Stan's Journey 

Transcript of an Oral History Interview with Stan Gomulczak
Interviewed by Ted Zarzeczny, Sr. Transcript from PAS Tape R-500


Stan’s Journey:  Part 1

Stan Gomulczak:

I was 13 years of age when Germany declared the war upon Poland, November 1st, 1939.  February 10th, 1940, I was taken out by Russian army to the depth of Russia.  The Poland was split in two.  Germans came from west and took the possessions on the River Bug, which was 9 kilometres west of the place I was living.  My place was nine kilometres, as I said, to the east, so Russian armies occupied the eastern part up to the River Bug, [where] I was living.  It was said by some that policy of Stalin was to occupy Poland and keep it.  So his policy was to resettle Poland with Asiatic people, and took about 2 million of Polish people to Siberia, and to gain the free labour.  We were taken out on Feb. 10th about three o’clock in the morning, transported about 15 kilometres to the railroad station, loaded on the box cards, very small box cars, about 50 people each, and I remember that night, the temperature was about 33 below zero centigrade.  Quite a few had frozen fingers, frozen ears, and small children were also bitten by frost.  Now the men were separated in the different box cards, so there would be no problem of interference from our side.  Now as I was boarding the box car, I saw the next car in front of us.  The Russian soldiers slammed a steel door, and one woman was crying because her child was left outside, and her head was split in half, so she was dead right there.  It took about five days to reach the eastern Polish-Russian border.  Now the train stopped, until today I don’t know for what reason, and he backed and went forward quite a few times, across the border.  Now we are loaded and transferred to Russian trains on wider tracks, and then remained on that train for 28 days through Russia.  There were giving us water once in a while and hardly any food.  Sometimes the doors were locked for as long as two days.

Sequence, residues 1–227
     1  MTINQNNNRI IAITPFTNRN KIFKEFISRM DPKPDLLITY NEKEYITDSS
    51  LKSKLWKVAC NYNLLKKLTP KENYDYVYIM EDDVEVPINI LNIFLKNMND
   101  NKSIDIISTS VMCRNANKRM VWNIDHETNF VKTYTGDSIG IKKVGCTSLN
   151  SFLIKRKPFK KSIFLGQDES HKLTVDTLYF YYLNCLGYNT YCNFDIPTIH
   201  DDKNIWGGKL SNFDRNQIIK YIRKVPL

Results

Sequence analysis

Stan Gomulczak in his Polish military uniform, sometime between 1941-1944. PAS Tape R-500